My day job is with the United States Department of Veterans Affairs, VA. I’m part of a team that ensures that software used by VA is accessible by individuals who have disabilities. Ellen is our director and Mary Lou, ML, is one of my colleagues.
In late March Ellen called me. “Hey woman,” she said, “We’ve got the coolest opportunity coming up. There’s a conference in May called GIE Tech Stands for something like Government Information Executives or something like that. It’s a conference for CIO’s across the Federal Government and we’ve got a chance to have a booth in the exhibit hall and demonstrate some assistive technology. I was thinking that you and Mary Lou could demonstrate J-Say.”
J-Say is a bridging program that allows someone to use a computer completely hands-free. It integrates Freedom scientific’sJAWS for Windows screen reader and Dragon NaturallySpeaking from Nuance. JAWS speaks the information on the screen and Dragon NaturallySpeaking allows the user to control the computer and enter text using voice commands.
“The only problem,” continued Ellen, “Is that ML needs to get the software and get up-to-speed with it. Think she can be ready in a month?”
“Yeah, I think so. I’ll call Ed at Next Generation Technologies and see if he can expedite getting the software for us.
By the time of the conference we were ready to go. The first couple of hours after the exhibit hall opened things were quiet. Then word spread about the cool software we were demonstrating and traffic picked up. It was exciting, exilerating, and exhausting.
On the last night in the exhibit hall they shut down the exhibits, opened the bar, and had a game night. Many of the companies that had booths in the exhibit hall provided games. Fred, one of our contractual partners, approached our booth. “You guys want something to drink?” he asked. I went to the bar with Fred, leaving Ellen and ML chatting with some folks from Nuance. We ordered the drinks and I had an idea.
“Hey Fred, watch this.” I still had my wireless headset around my neck. Placing it on my head I switched on the microphone and said, “Wake up.” Then I said, “Start Notepad.” I had the speech output routed through the headset but it was also still connected to the speakers back at the booth. I started Notepad and then I said, “Hello Section 508 booth. This is big brother and I’m watching you. So you’d better behave yourselves.” Then I said, “Stop listening.” When I heard the door close sound indicating that the microphone was back in the passive state I turned to Fred. “Come on, let’s try to keep a straight face when we get back there.” We made our way through the crowd and when we got back to the booth Fred said mildly, “Here are your drinks.” But I couldn’t help it. I started chuckling. Ellen burst out, “You little minx, you’re messing with our heads.” Then we all roared with laughter.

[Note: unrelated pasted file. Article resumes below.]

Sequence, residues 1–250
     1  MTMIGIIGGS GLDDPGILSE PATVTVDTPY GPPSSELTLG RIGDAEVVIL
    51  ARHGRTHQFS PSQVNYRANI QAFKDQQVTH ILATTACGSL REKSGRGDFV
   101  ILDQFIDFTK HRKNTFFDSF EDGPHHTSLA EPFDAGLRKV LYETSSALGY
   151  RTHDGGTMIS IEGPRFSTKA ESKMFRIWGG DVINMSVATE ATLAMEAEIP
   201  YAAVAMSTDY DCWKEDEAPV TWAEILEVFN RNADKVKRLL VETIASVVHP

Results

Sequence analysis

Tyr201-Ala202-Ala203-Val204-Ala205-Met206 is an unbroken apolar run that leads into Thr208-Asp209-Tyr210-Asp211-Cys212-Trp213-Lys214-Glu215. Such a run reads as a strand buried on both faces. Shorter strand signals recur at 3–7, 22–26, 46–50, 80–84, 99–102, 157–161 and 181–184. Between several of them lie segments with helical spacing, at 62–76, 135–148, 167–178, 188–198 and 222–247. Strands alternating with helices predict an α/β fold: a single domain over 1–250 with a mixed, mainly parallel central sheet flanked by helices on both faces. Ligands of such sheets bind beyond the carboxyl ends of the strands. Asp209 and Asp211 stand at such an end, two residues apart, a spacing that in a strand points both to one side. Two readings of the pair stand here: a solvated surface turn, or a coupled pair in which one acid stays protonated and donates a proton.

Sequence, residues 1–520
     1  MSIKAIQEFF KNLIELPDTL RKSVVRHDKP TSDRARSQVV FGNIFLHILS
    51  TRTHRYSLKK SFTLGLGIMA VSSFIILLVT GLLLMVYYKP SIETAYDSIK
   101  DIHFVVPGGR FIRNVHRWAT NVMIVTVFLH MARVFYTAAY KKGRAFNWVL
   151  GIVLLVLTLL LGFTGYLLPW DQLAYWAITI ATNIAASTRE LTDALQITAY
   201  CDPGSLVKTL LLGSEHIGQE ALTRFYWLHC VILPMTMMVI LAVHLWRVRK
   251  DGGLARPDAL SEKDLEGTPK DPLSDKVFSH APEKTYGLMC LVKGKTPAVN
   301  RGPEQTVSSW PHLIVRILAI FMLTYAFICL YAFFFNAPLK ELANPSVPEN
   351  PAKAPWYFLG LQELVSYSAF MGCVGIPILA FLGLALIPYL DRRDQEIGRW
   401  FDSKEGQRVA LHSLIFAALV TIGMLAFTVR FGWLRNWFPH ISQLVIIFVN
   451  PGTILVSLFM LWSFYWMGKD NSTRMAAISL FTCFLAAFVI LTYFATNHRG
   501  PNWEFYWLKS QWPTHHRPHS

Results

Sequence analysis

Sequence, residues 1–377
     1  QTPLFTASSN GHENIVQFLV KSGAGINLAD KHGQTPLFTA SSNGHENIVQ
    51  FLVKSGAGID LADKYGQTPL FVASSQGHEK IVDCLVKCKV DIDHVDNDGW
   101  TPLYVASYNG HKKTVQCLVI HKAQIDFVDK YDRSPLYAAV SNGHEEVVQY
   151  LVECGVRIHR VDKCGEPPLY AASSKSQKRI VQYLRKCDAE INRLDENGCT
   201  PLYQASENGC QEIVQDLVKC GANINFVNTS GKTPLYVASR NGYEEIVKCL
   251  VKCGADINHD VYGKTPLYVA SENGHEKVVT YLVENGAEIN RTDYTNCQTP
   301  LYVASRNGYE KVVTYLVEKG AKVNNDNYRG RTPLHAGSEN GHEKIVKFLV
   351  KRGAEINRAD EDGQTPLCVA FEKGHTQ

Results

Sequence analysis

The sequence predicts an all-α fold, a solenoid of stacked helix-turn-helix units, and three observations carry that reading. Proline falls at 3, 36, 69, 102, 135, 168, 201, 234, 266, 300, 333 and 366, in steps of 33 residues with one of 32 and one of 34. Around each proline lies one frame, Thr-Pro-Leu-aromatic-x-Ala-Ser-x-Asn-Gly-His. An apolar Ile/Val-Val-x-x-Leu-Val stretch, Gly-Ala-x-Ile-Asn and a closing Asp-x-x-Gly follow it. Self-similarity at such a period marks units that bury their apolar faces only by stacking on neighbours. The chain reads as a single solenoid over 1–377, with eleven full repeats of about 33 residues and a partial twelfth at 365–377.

Fred took us around to the various booths. Ellen and I played a wild game of air hockey. We played it by sound alone wildly whacking the little disk and missing it half the time. When the game was over we had attracted a crowd and they all applauded. We all had our pictures taken with Paige the eagle. Nuance had brought the bird from the local bird sanctuary where she had been taken to live after injuring her wing. We tried, and spectacularly failed, at a basketball kind of game.
One of the highlights of the conference, for me, was getting to meet David Pogue, who was, at the time, the technology columnist for The New York Times. . He was the keynote speaker on the last day. Donna, who had helped us with the logistics of getting the booth set up, took me to the ballroom to hear David speak. After his PowerPoint presentation he sat down at the piano and played “Imagine” with lyrics of his own creation. It was all about imagining the future of technology. When he was done the conference organizer took the microphone and David came and sat in a chair about fifteen feet away. Turning to me, Donna whispered, “He’s sitting right in front of us. Want to meet him?” “Sure,” I whispered back. I told Kismet to follow Donna. She stopped and whispered, “He’s about three feet in front of you, on your left.” Poor David Pogue, We approached him from behind and the next thing he knew, a German shepherd came into his line of vision, apparently all on her own. When I heard him gasp I knelt down. “Hello Mr. Pogue. I’m Sue Martin. I read your column every week. I just wanted to say how much I enjoy your writing. And your speech just now, it was great.” We shook hands and I withdrew.
Here’s a video of me using J-Say in Microsoft Word.
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